Review of Don Cupitt's The Meaning of the West

Rob Wheeler reviews The Meaning of the West by Don Cupitt
SCM Press (London 2008). Pbk. 171 pages. £18.99. ISBN: 9780334042020.

It has become quite fashionable to knock ‘the West’ nowadays. It is therefore gratifying to be offered an alternative, and more positive, interpretation of the development of western culture in Don Cupitt’s latest book, The Meaning of the West. At the outset Cupitt is quite clear about what he thinks the greatest invention of the West is. It is not any specific technology or methodology but rather something that underlies them all: critical thinking: ‘The West is at heart an independent, questioning cast of mind for which nothing is entrenched, nothing is sacred, and (conversely) everything is on the table, negotiable, open to reappraisal, revision and reform or reframing. In short the West is a uniquely vigorous culture based on a fully open market of ideas.’

What is surprising and challenging about Cupitt’s thesis is its rejection of received wisdom regarding the origin of rational thinking. He locates the seeds of the western critical thinking tradition not in classical Greek culture, that eventually percolates through into Christian culture, but within the practice of Christian spirituality itself: ‘The modern West is a huge objectification of the old Christian spirituality, transferring to the entire public and intellectual life of the culture the scrupulous spirit of critical examination and purging that the monk in his cell had originally directed against himself, and himself alone. This critical spirit owed something to Socrates, but much more to St Paul and, later, St Augustine. The idea that systematic critical examination is the only way to the Truth we seek began as a principle of Christian spirituality...’

The problem that Cupitt is up against with this thesis is that as a matter of brute historical fact the Church has generally behaved defensively and dogmatically, rarely critiquing its own ideas and suppressing dissent ruthlessly. Following current lines in radical biblical scholarship Cupitt takes the view that the teaching of Jesus was originally largely secular and utopian (there are few theological presuppositions in his sayings in the Synoptic Gospels) and that in essence the message of Jesus has flowered, over time, into modern secular humanism. Cupitt relies on the idea that the teaching of Jesus contains a kind of inner logic that unfolds into something quite different through the historical process. This leads Cupitt to conclude that in many ways the modern, western state is more ‘Christian’ than the Church ever has been because it more successfully embodies the values and beliefs of Jesus. These values and beliefs include the unique value of the individual, mutual love and forbearance, care for the weakest and most vulnerable members of society, a high estimation of human creativity, belief in the uniformity of nature and a belief in social and moral progress.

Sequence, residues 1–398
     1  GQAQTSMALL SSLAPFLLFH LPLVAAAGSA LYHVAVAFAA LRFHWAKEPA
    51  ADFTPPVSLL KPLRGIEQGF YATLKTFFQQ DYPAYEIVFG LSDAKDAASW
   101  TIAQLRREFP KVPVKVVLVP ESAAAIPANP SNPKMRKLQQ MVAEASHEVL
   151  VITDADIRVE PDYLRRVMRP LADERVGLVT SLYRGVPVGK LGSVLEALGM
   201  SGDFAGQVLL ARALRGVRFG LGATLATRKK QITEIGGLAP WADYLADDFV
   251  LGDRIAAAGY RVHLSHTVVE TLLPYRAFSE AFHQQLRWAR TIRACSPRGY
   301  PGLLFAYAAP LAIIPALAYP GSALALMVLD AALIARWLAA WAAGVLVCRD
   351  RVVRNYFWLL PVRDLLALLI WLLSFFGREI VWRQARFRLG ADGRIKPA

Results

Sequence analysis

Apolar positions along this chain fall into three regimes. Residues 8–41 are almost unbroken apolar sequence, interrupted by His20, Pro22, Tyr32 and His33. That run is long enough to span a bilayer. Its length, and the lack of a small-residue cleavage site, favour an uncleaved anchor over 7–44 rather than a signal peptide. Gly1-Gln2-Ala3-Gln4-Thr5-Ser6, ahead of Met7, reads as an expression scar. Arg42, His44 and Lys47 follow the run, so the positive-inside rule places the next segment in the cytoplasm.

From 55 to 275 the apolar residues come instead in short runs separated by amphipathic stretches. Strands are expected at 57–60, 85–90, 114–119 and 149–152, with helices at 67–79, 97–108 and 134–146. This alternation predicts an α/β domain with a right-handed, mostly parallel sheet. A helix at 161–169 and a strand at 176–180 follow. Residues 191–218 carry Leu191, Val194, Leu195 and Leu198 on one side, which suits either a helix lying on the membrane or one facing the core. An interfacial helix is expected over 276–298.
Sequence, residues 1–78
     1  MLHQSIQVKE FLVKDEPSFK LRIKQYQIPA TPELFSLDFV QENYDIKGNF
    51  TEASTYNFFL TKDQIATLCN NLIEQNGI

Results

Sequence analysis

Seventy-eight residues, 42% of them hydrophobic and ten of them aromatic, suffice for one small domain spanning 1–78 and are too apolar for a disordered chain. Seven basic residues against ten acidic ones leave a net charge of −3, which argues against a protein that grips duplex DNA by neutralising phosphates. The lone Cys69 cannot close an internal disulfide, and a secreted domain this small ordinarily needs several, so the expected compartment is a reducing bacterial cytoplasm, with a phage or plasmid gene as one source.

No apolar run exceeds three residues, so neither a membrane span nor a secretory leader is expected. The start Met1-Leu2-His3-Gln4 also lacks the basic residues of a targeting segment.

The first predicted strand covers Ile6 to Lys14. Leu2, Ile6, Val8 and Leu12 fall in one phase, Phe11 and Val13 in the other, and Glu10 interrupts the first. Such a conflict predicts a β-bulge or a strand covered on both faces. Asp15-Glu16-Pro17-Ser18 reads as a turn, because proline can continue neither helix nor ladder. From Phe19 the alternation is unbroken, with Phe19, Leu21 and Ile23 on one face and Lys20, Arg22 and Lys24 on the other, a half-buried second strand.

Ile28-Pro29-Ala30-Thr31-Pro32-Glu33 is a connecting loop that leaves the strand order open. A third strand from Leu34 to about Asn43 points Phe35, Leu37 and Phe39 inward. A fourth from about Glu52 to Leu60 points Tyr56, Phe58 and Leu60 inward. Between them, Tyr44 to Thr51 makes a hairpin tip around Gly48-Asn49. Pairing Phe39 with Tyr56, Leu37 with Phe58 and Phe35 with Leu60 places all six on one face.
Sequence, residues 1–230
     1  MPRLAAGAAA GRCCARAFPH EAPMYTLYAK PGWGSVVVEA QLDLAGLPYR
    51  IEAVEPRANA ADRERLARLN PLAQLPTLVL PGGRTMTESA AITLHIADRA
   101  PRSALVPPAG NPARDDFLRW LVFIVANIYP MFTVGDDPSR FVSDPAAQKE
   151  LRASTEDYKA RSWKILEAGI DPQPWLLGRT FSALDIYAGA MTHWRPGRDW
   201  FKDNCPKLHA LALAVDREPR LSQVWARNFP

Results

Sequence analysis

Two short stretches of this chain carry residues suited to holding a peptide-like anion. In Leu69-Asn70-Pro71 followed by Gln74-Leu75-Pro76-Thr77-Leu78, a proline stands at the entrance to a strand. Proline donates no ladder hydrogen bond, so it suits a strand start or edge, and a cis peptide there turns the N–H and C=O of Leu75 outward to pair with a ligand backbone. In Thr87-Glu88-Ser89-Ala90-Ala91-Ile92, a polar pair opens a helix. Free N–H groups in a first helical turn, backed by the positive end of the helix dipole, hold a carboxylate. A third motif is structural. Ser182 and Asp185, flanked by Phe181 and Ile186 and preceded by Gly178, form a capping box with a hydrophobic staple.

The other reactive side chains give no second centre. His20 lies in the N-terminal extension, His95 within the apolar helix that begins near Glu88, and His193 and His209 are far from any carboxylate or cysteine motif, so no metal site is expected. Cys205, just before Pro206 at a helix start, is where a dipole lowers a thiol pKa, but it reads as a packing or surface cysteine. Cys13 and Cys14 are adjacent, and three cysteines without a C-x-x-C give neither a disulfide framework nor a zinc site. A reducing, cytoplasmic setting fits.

The feature of this book that troubles and puzzles me most is Cupitt’s claim that he is a nihilist – a claim that he has made in several other of his recent books too. Not only that, but he appears to run nihilism into relativism and pragmatism and other, on the face of it, incompatible philosophical positions. The common meaning of nihilism is a belief that there is nothing of value in the world; that all value distinctions are meaningless. However, Cupitt seems to be quite happy making value judgements and truth claims throughout the book – not least implying that critical thinking itself is both good and possible.

Adopting the ‘Principle of Charity’ (an important critical thinking method) I have come to the conclusion that this claim to be a nihilist is just a rhetorical flourish or piece of hyperbole. What Cupitt is really wanting to do is vigorously reject Platonism – the belief that there is a preordained, rational structure out there in the world. I wish Cupitt would give up this eccentric use of terminology as I do not think it in any way promotes understanding of what he is trying to communicate. Where I find myself unable to accept Cupitt’s central thesis is his failure to distinguish between rational thought as such and critical thinking, which is a specific type of rational thought. Of course the monk in his cell uses reason to judge his conduct against the rule of his community. Likewise the theologian uses reason to support his apologia for the Faith. However, neither are engaged in a fundamental examination of the presuppositions of the belief system they have received. Neither can ‘think outside the box’.

Karl Popper in his 1958 article ‘The Beginnings of Rationalism’ points out that while religions make an effort to pass on a pure and uncorrupted version of the teaching, labelling and rejecting those who change the ‘truth’ as heretics, the pre-socratic Greeks invented the new tradition of critical rationalism. In this tradition Anaximander criticises his master Thales and there is no quarrel or schism as a result. So the essence of critical thinking lies in looking for, and eradicating, error in the received belief system but while staying within the convivial community of enquiry. The way of Christianity, and all religions, has been the attempt to pass on a pure version of the doctrine, using reason to justify but never critique and punishing those who deviate from the party line. So it is the Greeks we have to thank after all!

Rob Wheeler is SOF webmaster.

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